Mom, right with her dear college friend, Sherry, this past summer in East Hampton.

Mom, right with her dear college friend, Sherry, this past summer in East Hampton.

And speaking of beauty, it’s tough not to mention her legendary, outward physical beauty. From the time I was in nursery school, every teacher and parent commented on her loveliness and elegance. And it wasn’t just because she was a babe. Her beautiful smile, engaging nature, compassionate demeanor and sense of humor all played a part in her attractiveness. All of these attributes made her the life of the party, the belle of the ball, and a devoted friend to innumerable people over the course of her life. She was magnetic, and everyone gravitated toward her.

With her granddaughter, my niece Genevieve

With her granddaughter, my niece Genevieve

Many of you reaped the rewards of Mom’s aptitude for entertaining. As Max mentioned she was a gifted cook and an exemplary hostess. Whether a small dinner or a big charity fundraiser, entertaining gave mom the chance to show off some of her numerous talents while taking care of other people.

In working so hard for the sake of making others happy, and in putting everyone else first, I don’t think mom saw herself as coming last. Mom took great pleasure and pride in being there for her friends and providing the vital framework for her family’s happiness and success. That being said, when others need you most, it can be hard to carve out the time and space to take care of yourself, particularly if you’re the kind of person who mom was.

Mom and me on our boat the Nephron, around 1977

On our boat the Nephron, around 1977. My Baby Peggy phase.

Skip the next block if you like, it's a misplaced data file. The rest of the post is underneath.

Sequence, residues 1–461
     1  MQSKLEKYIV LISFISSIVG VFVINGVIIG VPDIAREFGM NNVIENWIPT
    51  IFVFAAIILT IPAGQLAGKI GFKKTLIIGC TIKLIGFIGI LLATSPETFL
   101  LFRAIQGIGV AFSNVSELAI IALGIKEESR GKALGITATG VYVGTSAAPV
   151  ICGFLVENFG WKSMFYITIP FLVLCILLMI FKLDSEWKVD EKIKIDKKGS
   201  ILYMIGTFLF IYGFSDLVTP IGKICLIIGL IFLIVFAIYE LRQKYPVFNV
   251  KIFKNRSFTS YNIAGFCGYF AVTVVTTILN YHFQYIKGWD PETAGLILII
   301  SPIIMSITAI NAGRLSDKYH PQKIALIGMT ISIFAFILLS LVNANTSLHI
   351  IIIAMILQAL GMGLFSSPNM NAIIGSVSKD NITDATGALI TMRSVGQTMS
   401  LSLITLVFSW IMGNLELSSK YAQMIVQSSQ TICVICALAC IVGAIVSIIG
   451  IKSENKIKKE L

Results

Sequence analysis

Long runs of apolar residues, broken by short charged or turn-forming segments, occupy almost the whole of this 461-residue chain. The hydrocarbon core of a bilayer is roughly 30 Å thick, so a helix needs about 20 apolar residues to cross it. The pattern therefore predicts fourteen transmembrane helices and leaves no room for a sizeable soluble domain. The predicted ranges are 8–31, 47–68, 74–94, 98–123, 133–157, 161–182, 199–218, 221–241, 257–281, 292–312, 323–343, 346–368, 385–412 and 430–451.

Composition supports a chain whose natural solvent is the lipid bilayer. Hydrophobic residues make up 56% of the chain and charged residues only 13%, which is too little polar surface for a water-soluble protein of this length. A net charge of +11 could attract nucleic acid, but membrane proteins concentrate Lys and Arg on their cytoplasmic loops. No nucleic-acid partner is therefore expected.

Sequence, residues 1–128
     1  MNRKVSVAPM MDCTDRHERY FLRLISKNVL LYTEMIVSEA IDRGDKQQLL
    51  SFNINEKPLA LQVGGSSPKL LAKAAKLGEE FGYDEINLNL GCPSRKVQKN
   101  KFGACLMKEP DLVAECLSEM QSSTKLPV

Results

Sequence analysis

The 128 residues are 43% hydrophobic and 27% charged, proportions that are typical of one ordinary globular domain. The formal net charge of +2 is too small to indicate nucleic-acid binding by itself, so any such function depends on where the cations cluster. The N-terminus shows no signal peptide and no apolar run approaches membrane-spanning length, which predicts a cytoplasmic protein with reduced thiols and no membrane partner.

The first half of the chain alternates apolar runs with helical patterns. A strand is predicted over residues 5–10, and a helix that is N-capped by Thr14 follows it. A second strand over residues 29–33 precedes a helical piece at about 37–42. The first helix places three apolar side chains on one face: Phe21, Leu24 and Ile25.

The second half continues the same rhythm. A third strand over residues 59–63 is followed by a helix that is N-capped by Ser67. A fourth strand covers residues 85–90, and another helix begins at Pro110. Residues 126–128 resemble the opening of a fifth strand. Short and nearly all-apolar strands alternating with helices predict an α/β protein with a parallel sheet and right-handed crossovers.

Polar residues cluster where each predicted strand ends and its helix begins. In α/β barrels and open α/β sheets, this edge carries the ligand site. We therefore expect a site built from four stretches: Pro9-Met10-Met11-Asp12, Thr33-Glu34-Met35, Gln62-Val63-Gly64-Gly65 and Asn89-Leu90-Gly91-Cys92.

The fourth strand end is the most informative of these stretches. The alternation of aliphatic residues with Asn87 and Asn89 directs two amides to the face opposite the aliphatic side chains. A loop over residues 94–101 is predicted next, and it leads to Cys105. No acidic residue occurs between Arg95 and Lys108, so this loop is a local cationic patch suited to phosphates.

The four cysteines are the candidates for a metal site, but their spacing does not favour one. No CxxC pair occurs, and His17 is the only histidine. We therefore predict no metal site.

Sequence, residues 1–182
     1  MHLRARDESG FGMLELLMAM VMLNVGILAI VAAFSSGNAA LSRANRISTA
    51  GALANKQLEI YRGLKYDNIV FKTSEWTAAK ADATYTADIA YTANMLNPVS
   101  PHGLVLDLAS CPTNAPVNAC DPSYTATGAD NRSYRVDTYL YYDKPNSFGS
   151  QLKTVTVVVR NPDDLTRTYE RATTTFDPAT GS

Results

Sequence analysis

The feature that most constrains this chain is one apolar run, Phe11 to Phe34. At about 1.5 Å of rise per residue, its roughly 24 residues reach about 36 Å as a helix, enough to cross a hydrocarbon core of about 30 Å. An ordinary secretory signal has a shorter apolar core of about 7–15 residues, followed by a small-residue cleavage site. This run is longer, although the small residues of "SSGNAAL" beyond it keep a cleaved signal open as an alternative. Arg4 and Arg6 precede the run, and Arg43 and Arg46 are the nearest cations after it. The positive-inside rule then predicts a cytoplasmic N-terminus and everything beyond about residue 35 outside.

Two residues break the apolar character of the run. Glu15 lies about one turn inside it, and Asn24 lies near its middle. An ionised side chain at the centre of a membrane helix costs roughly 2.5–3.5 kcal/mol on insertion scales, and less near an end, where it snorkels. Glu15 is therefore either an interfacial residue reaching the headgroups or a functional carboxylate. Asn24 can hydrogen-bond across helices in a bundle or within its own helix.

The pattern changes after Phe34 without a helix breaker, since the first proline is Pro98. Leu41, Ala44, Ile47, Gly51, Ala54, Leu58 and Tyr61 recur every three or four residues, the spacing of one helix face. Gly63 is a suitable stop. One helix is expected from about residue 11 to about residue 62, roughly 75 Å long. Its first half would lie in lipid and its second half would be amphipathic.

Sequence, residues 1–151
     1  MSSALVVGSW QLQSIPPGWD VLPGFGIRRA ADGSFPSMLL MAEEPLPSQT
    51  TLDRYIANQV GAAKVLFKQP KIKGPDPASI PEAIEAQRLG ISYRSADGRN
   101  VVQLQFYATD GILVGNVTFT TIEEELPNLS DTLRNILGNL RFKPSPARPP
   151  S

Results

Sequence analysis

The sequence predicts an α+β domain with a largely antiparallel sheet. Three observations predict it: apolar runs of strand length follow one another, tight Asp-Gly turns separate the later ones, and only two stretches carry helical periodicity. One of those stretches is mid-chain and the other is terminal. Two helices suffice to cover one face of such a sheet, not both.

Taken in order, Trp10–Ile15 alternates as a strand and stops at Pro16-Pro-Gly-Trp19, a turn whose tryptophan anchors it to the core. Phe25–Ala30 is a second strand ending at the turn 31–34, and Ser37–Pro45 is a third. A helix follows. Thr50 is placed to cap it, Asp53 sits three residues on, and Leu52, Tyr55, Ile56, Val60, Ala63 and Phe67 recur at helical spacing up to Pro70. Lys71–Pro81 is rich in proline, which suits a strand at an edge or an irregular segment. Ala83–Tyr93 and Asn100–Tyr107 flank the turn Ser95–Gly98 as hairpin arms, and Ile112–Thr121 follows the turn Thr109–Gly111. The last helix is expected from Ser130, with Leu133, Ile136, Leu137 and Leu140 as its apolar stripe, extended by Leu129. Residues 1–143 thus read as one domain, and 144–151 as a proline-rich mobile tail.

Perhaps the most potent example of mom’s altruism, and sadly a tragic aspect of her propensity for caring is that she sublimated her own intense physical suffering when Dad was dying. Who knew that she too had cancer, but put Dad’s pain ahead of her own, so that he would feel loved and comfortable without feeling ashamed or guilty. We all knew that she was suffering emotionally, and that her stomach issues, at the time thought to be anxiety induced, were irritating to contend with. But in retrospect, it is haunting to think of her stoically enduring the effects of cancer alongside her husband.

That was mom. Everyone else first.

I can’t imagine how rough it must have been for fiercely independent mom to eventually let others help for a change once she received her diagnosis.

When she had no choice but to relent and let others help, she never complained of her own pain or sadness. All she communicated to us and to her valiant caregivers was her guilt about disrupting our lives. To the end, her main concern was that her family should not feel inconvenienced.

Never got to shoot a great portrait of Mom with her cute pixie cut- it's pretty grown out here when we were in East Hampton last summer.

Never got to shoot a great portrait of Mom with her cute pixie cut- it’s pretty grown out here when we were in East Hampton last summer.